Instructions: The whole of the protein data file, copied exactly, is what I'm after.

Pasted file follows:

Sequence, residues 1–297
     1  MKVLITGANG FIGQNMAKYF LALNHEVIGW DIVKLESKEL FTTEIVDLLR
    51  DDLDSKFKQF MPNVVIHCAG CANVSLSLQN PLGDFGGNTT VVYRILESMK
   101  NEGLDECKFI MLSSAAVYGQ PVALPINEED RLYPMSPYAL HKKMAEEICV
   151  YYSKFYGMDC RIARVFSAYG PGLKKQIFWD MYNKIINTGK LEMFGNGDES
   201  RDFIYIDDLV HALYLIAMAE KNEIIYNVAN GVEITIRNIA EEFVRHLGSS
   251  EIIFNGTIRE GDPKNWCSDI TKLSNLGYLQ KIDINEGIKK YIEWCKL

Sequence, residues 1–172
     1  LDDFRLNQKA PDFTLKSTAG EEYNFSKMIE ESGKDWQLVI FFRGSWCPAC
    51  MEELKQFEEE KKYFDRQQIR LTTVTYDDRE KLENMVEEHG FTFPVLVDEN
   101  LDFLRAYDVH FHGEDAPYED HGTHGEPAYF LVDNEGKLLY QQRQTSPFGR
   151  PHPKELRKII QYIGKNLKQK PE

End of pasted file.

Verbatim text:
Sequence, residues 1–297
     1  MKVLITGANG FIGQNMAKYF LALNHEVIGW DIVKLESKEL FTTEIVDLLR
    51  DDLDSKFKQF MPNVVIHCAG CANVSLSLQN PLGDFGGNTT VVYRILESMK
   101  NEGLDECKFI MLSSAAVYGQ PVALPINEED RLYPMSPYAL HKKMAEEICV
   151  YYSKFYGMDC RIARVFSAYG PGLKKQIFWD MYNKIINTGK LEMFGNGDES
   201  RDFIYIDDLV HALYLIAMAE KNEIIYNVAN GVEITIRNIA EEFVRHLGSS
   251  EIIFNGTIRE GDPKNWCSDI TKLSNLGYLQ KIDINEGIKK YIEWCKL

Sequence, residues 1–172
     1  LDDFRLNQKA PDFTLKSTAG EEYNFSKMIE ESGKDWQLVI FFRGSWCPAC
    51  MEELKQFEEE KKYFDRQQIR LTTVTYDDRE KLENMVEEHG FTFPVLVDEN
   101  LDFLRAYDVH FHGEDAPYED HGTHGEPAYF LVDNEGKLLY QQRQTSPFGR
   151  PHPKELRKII QYIGKNLKQK PE